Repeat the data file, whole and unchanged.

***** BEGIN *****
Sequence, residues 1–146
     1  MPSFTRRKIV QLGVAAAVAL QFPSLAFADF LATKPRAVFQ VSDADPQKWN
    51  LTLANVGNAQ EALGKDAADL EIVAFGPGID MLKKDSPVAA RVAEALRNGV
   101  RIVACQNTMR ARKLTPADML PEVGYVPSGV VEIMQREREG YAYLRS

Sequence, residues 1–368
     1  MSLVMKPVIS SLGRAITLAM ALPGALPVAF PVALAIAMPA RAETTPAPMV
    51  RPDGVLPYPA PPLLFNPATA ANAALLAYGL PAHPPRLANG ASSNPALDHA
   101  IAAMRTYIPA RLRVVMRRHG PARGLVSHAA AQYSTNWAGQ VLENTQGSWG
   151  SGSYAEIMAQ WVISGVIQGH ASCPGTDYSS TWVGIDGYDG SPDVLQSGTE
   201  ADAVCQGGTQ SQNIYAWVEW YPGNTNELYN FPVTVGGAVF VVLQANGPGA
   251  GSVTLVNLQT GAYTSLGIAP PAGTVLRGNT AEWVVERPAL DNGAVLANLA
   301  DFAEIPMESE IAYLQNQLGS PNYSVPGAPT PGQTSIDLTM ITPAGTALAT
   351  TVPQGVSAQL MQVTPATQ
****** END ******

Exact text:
Sequence, residues 1–146
     1  MPSFTRRKIV QLGVAAAVAL QFPSLAFADF LATKPRAVFQ VSDADPQKWN
    51  LTLANVGNAQ EALGKDAADL EIVAFGPGID MLKKDSPVAA RVAEALRNGV
   101  RIVACQNTMR ARKLTPADML PEVGYVPSGV VEIMQREREG YAYLRS

Sequence, residues 1–368
     1  MSLVMKPVIS SLGRAITLAM ALPGALPVAF PVALAIAMPA RAETTPAPMV
    51  RPDGVLPYPA PPLLFNPATA ANAALLAYGL PAHPPRLANG ASSNPALDHA
   101  IAAMRTYIPA RLRVVMRRHG PARGLVSHAA AQYSTNWAGQ VLENTQGSWG
   151  SGSYAEIMAQ WVISGVIQGH ASCPGTDYSS TWVGIDGYDG SPDVLQSGTE
   201  ADAVCQGGTQ SQNIYAWVEW YPGNTNELYN FPVTVGGAVF VVLQANGPGA
   251  GSVTLVNLQT GAYTSLGIAP PAGTVLRGNT AEWVVERPAL DNGAVLANLA
   301  DFAEIPMESE IAYLQNQLGS PNYSVPGAPT PGQTSIDLTM ITPAGTALAT
   351  TVPQGVSAQL MQVTPATQ